As baby boomers and their adult children begin to make senior living purchasing decisions in the coming years, those designing and developing the communities will need to prepare for a new consumer.
And with the new consumer comes a new approach for providers: They should be thinking more like brick-and-mortar retailers than like traditional senior housing operators.
“We are going from an industry where people were pushed into something versus something we are going to pull people into,” says Gaurie Rodman, director of planning services at Direct Supply Aptura, based in Milwaukee, Wisconsin. “It’s a different mindset. We need to look at senior living like retailers do—like Starbucks, or Gap [would look at their potential customers].”
This change in the mindset of the senior housing consumer and the operator hinges on several areas that senior housing providers can target as they are experiencing this major shift, Rodman said during a recent presentation before attendees of the 2018 Argentum Senior Living Executive Conference in San Diego, California. There are some actionable ways providers can build specifically for the baby boomer generation with a retail approach in mind—even well in advance of the coming era when they will become the primary residents.
Selling based on want vs. need
In the early days of assisted living, the move for most residents was primarily driven by a need for assistance, whether as the result of a health event, or the loss of some independent function such as driving or cooking. Today’s consumers are much more driven by their wants, just as they are when making other purchase decisions, from financial products to restaurant spending.
“There’s a lot more want- versus needs-based decision making,” Rodman said. “Rather than asking someone: ‘what is the matter with you?’ Ask: ‘what matters to you?’”
Realigning with the wants of baby boomers as they age, rather than strictly aligning with their needs, will help encourage prospective residents as well as their family members. This underscores the mindset shift.
“Let’s decide if we are a right fit for each other,” Rodman says, noting the the decision making process should be a dialogue rather than a one-way street.
Approaching technology … as needed
With the rise of technology available to help both residents and staff, providers need to be selective about how they are incorporating technology and how their prospective residents are likely to respond.
There has been much debate among industry participants about whether technology can automate the care process and how consumers and their family members respond to technology that takes the place of human touch.
“Where is touch necessary versus where can I automate things?” Rodman asks.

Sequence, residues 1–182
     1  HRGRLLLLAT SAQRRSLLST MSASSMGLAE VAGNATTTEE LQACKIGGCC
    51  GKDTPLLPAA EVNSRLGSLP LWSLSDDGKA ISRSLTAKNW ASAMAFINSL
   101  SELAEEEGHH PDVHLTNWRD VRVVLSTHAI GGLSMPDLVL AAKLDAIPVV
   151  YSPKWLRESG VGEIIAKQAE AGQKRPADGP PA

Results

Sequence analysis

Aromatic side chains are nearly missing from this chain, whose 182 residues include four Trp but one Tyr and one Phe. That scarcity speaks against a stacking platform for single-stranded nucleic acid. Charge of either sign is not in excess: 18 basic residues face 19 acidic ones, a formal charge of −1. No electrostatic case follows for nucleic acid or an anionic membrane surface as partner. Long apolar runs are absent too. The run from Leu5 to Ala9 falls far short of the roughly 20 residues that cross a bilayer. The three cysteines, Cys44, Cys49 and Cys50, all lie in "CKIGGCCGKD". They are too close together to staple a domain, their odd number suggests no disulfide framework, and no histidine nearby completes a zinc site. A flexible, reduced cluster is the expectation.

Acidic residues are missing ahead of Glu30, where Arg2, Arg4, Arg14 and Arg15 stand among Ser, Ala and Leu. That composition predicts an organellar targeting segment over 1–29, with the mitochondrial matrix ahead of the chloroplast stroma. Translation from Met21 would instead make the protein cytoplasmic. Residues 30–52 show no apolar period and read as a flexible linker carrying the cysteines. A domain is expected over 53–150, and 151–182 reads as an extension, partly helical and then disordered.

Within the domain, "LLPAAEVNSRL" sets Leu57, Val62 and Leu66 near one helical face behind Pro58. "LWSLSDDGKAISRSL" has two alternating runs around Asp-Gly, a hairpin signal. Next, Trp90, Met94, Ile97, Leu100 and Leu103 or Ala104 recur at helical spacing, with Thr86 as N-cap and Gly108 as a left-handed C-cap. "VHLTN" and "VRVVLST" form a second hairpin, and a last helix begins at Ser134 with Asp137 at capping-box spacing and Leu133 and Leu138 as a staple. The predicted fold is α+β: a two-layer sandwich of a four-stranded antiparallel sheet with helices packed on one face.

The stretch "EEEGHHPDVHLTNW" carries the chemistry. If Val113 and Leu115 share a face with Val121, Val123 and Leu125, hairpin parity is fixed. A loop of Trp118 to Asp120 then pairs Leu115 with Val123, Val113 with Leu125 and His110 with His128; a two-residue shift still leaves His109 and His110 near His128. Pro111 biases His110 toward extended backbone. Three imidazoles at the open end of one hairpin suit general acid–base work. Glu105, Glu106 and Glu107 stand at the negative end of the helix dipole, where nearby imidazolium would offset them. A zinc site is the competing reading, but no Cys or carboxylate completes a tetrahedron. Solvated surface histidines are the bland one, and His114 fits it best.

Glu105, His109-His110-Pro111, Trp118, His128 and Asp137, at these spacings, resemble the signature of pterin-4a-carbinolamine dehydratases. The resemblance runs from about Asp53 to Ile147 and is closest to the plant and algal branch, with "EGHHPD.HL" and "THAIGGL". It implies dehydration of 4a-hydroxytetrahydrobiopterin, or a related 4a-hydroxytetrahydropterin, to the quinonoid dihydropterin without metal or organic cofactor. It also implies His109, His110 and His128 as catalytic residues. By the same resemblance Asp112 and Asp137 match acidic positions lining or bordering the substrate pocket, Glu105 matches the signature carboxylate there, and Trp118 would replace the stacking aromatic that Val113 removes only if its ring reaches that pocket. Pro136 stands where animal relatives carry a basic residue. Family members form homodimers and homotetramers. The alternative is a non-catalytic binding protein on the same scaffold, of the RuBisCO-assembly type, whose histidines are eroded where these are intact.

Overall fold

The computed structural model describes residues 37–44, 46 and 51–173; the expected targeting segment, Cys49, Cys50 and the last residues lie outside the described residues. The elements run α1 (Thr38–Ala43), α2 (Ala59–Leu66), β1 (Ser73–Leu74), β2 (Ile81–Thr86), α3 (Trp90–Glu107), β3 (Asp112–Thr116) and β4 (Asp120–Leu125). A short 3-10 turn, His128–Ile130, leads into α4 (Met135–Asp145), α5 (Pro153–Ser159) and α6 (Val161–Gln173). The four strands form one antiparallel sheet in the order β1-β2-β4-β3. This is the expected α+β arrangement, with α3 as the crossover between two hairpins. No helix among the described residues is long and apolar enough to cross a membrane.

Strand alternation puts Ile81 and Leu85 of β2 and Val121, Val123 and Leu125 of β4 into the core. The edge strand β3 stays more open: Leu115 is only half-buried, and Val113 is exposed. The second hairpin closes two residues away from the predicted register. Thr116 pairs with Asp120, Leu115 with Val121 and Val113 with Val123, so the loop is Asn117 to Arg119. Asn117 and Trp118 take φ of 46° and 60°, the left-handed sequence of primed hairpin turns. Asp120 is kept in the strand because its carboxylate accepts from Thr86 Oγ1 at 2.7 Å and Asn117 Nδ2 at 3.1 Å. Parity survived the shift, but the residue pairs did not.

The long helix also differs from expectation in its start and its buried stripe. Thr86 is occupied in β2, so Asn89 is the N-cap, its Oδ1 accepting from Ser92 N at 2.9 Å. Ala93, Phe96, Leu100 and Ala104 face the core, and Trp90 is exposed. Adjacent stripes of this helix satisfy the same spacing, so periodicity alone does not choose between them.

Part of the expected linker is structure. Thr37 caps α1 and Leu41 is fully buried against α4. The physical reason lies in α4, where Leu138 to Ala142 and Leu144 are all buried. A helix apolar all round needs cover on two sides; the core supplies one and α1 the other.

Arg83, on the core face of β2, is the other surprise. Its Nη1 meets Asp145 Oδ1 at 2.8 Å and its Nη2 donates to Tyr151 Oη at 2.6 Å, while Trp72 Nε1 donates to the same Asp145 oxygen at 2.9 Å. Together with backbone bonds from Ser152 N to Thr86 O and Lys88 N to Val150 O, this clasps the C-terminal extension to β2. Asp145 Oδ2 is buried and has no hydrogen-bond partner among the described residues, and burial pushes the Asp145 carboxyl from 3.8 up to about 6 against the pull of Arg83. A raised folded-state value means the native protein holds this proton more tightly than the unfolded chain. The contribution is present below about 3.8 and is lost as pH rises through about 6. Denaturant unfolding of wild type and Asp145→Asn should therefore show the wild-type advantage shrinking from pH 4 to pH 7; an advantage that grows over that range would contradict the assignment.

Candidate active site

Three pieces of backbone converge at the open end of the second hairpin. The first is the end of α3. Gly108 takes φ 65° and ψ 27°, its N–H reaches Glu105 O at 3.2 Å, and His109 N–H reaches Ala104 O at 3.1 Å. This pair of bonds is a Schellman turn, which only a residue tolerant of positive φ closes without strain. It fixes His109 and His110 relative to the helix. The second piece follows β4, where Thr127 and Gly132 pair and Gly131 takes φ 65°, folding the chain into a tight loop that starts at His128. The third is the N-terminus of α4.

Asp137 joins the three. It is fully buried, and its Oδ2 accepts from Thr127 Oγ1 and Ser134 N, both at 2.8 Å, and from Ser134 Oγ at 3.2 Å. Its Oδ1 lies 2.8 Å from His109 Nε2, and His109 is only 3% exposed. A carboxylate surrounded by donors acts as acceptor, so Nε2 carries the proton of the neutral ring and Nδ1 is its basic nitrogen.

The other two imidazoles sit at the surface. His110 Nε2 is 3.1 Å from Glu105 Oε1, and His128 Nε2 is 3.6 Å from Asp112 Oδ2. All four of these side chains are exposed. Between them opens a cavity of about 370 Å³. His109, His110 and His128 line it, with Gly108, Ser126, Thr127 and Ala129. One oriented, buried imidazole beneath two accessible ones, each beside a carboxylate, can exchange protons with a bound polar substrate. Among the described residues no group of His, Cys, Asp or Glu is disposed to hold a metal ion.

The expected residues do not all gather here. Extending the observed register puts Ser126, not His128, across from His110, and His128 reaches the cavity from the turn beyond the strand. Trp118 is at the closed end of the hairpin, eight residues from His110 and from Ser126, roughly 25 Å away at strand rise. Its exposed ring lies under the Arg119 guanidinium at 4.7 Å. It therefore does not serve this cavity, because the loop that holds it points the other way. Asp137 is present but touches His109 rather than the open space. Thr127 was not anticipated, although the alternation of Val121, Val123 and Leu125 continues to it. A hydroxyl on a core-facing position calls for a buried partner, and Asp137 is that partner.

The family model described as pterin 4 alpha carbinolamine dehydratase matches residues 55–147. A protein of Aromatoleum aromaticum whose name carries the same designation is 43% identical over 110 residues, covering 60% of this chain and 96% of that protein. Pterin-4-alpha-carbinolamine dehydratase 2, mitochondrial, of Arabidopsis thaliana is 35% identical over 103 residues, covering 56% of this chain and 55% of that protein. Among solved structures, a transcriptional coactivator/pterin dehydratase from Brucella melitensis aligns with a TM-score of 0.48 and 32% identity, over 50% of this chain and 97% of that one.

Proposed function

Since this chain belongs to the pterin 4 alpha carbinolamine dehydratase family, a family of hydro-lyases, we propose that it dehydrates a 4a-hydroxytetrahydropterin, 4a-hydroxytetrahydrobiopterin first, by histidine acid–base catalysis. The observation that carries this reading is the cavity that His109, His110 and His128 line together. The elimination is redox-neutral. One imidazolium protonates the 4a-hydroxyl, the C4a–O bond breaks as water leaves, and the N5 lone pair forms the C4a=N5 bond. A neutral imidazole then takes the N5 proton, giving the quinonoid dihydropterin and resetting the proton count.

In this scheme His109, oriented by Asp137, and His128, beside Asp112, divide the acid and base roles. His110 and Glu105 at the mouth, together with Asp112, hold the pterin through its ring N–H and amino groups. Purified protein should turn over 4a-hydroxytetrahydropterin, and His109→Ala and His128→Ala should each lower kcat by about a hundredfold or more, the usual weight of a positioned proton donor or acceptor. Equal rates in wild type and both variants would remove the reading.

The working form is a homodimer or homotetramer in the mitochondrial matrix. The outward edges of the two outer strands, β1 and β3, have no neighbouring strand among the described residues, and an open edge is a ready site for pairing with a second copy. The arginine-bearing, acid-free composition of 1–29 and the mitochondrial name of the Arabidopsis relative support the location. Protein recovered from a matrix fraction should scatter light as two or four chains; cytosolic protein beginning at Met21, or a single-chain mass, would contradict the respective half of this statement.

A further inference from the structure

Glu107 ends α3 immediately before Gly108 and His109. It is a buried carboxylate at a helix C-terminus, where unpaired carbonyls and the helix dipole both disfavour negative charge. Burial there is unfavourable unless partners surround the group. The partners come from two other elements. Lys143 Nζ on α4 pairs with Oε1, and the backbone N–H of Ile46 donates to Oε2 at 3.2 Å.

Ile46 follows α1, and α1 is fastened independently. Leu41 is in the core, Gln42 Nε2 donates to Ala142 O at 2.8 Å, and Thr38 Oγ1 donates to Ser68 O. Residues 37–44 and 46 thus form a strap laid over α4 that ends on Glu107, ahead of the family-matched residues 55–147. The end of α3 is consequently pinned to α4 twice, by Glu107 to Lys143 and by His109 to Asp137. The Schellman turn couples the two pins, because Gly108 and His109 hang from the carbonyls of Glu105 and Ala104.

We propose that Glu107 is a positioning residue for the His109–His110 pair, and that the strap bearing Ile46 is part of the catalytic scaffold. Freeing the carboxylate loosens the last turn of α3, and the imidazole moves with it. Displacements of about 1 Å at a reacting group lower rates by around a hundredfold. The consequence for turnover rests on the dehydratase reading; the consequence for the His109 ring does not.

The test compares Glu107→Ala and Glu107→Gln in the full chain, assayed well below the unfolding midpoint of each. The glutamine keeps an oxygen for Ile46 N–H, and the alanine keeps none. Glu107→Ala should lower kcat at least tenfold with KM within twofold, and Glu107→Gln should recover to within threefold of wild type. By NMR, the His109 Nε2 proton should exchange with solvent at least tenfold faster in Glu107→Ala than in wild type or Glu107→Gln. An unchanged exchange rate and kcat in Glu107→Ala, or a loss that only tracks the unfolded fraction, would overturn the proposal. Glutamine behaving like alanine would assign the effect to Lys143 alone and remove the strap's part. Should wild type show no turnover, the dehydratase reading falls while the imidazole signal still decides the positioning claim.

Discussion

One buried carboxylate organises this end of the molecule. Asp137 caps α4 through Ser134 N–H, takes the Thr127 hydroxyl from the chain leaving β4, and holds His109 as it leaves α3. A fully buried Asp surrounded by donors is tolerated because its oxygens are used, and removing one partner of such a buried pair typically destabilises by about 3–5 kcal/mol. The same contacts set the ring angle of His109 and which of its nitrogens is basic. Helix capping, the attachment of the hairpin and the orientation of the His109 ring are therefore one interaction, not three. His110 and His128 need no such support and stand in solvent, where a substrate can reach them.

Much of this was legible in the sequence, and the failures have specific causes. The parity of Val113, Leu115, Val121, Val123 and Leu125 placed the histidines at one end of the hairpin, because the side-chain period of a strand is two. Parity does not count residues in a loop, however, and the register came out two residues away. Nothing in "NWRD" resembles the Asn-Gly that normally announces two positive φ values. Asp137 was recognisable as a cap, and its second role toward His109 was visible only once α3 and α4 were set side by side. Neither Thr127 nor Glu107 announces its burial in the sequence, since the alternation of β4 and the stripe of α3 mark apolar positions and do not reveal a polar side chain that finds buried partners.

A secondary function of technology is its ability to collect and analyze consumer behaviors, preferences and outcomes, especially as they relate to health care. As a critical component of the post-acute care landscape, technology is rising as an essential care management tool in that it can collect and analyze data to help direct care plans based on an individual’s medical history, or the experiences of many with similar conditions.
“The data will help us make better smarter choices,” Rodman says.
‘Retooling’ for variety and experiences on-demand
While there are current uncertainties about the preferences of the incoming boomer population, there are some best practices that can be implemented even now, as a means to deliver an experience—or a series of experiences—that today’s consumer wants. That starts with flexible communities, Rodman says.
Rather than a large, outward-facing nurse station as was common in the past, the nurse station can be incorporated into the fabric of the building, for example.
Spaces can also offer different purposes depending on time of day to cater to individual wants and needs of residents, who increasingly demand choice and convenience akin to the immediate response retailers like Amazon deliver.
“One space can serve four [purposes],” Rodman said. “In the evening, the lights go down, in the morning, it’s a coffee bar, during the day there is a grab-and-go market tucked away, with an ice cream station and a TV for watching games.” The same space Rodman described, which was recently designed by Direct Supply, also has both high and low seating, as well as a piano.
“When you create spaces in the same footprint, think about different settings,” Rodman says. “Offer flexible space and choices. Grandchildren can come in to do their homework.”
Written by Elizabeth Ecker